Does high blood pressure cause heart disease? Or does something else cause both? Shouldn’t we be using the best methods that science can offer to answer this question?
Comment on “Nearly 1 In 5 Young Adults Have High Blood Pressure” on Morning Edition on 26 May 2011. This is a report on some of the results of a 13 year survey of adolescent lifestyles, attitudes, nutrition, and health outcomes. I caution the reader against reaching the same conclusions as the researchers did about high blood pressure being caused by obesity. No one has tested the possibility that something else might be causing both, since both conditions involve a breakdown or foul-up in cellular metabolism.
Updated: 2 Sept 2014
NPR reporter Patti Neighmond interviewed sociologist Kathleen Mullan Harris at the University of North Carolina, one of several researchers (Nguyen et al., 2011) who found that the prevalence of hypertension (>140/90 mm Hg blood pressure) was greater than previously thought–one out of five 24-to-32-yr-olds (most recent data was from 2008). This report was one of many reports using data gathered on 14,000 teenagers, starting in 1995, as part of a larger study on health and social aspects of life in the National Longitudinal Study of Adolescent Health (Add Health, NIH). The findings in this study are serious because high blood pressure eventually can make the body more vulnerable to ruptured blood vessels, blood clots, internal bleeding, diabetes and heart disease (Dr. Steven Hirschfeld, NIH). In 1995 only 11% of 12-19-yr-olds were obese. On follow-up five years later (study population =17-24), 22% were obese. By 2008, 67% of all young adults (which reflects national trends for all young adults) were overweight or obese. Patti Neighmond says that obesity “is known to cause high blood pressure”. However, a note of caution–other federal studies show less than one out of five young adults had hypertension, so more study is needed. Dr. Hirschfeld says that everyone should have checkups where their weight, blood pressure, and blood sugar and other measurements are made. However, a typical 20-something won’t get regular checkups or check their blood pressure.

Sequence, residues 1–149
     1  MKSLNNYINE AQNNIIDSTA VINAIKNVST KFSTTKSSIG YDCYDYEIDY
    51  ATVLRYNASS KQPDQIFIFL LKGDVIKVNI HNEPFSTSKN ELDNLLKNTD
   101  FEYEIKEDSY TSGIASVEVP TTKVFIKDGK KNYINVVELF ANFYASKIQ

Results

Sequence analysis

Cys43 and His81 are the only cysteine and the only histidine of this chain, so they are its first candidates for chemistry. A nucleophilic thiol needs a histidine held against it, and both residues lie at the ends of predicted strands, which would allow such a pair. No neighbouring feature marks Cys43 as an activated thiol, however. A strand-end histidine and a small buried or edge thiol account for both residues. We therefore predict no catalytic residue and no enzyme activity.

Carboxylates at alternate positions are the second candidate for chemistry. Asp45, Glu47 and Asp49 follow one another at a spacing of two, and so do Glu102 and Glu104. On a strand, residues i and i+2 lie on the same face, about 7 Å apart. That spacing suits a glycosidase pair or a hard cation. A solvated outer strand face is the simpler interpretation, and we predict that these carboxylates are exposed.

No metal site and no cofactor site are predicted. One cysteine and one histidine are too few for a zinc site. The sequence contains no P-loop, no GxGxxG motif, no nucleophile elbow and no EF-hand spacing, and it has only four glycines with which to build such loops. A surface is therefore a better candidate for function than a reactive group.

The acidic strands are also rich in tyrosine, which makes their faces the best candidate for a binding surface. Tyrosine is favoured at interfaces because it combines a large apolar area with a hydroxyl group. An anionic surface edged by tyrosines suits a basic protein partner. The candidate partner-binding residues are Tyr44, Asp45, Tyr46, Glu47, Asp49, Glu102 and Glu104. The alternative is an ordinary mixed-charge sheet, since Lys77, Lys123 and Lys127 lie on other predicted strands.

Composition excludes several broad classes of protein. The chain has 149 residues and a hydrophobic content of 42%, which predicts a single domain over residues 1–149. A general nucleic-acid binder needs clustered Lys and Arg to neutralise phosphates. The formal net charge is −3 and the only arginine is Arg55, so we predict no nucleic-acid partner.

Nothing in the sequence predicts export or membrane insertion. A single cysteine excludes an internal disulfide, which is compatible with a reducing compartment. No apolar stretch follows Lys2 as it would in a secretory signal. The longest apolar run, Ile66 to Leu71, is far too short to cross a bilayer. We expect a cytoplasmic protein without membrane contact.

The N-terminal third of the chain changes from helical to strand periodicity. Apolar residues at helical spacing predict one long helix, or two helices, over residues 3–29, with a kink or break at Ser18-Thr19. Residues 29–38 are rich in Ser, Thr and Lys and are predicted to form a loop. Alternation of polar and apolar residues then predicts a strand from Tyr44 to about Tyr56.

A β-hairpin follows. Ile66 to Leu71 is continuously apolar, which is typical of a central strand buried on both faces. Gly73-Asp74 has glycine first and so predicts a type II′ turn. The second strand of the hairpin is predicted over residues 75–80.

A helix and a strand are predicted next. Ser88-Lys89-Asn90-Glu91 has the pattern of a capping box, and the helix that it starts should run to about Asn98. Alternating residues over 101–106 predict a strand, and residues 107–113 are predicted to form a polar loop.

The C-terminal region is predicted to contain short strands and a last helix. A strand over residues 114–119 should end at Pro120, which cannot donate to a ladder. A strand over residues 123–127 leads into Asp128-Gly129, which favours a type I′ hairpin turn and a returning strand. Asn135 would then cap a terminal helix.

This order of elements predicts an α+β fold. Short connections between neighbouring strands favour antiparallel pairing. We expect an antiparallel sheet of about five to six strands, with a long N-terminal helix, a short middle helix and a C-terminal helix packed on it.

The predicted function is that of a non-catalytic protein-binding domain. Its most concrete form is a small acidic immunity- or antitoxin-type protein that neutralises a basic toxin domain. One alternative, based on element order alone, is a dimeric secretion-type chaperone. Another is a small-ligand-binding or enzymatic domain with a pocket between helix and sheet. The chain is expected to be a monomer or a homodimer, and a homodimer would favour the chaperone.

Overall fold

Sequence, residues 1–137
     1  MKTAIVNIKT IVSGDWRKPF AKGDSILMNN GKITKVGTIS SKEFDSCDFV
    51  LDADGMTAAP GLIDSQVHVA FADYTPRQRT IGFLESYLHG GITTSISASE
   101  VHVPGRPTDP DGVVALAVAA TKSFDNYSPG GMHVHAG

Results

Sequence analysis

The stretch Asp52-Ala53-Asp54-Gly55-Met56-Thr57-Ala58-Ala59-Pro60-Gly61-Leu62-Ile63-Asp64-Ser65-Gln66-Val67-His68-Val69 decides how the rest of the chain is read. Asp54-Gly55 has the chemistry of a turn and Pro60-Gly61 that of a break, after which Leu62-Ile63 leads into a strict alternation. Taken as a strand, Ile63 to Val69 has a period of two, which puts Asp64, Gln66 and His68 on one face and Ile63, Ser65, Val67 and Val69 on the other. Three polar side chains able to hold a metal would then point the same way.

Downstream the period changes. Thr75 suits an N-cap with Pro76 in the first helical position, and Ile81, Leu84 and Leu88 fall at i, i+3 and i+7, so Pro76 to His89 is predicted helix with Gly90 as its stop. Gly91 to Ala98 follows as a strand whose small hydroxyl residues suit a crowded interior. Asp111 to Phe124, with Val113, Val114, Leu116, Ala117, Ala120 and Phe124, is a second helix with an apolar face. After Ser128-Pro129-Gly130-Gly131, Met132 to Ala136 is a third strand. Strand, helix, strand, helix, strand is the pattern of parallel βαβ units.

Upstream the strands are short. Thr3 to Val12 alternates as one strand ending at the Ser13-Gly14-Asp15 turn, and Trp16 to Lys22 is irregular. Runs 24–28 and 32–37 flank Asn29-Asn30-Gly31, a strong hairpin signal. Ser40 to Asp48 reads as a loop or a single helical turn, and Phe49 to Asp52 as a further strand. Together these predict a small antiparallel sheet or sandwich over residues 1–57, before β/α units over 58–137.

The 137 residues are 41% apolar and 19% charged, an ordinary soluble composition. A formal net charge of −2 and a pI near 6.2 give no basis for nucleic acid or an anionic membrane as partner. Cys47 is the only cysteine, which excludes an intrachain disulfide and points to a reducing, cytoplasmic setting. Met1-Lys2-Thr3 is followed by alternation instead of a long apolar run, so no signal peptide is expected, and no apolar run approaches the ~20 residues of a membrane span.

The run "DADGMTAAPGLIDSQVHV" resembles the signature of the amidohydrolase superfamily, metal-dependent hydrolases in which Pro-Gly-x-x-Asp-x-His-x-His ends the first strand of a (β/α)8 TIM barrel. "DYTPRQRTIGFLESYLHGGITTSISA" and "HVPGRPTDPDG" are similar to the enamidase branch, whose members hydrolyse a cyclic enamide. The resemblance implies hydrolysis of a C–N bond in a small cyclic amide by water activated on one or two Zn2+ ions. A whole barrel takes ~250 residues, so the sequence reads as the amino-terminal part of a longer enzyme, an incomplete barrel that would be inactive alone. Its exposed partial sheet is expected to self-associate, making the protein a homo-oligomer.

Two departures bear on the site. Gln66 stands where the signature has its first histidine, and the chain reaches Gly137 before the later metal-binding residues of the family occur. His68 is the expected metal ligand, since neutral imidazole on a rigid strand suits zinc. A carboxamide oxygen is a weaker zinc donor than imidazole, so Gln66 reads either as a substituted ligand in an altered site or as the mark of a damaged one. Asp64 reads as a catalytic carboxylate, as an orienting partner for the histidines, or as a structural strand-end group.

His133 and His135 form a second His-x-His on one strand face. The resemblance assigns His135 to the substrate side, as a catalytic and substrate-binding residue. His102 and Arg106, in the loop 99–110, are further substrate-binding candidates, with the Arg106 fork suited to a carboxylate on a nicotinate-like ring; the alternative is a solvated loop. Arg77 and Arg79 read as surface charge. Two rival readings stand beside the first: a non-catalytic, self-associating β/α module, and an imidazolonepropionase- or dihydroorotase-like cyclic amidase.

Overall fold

My Comments at NPR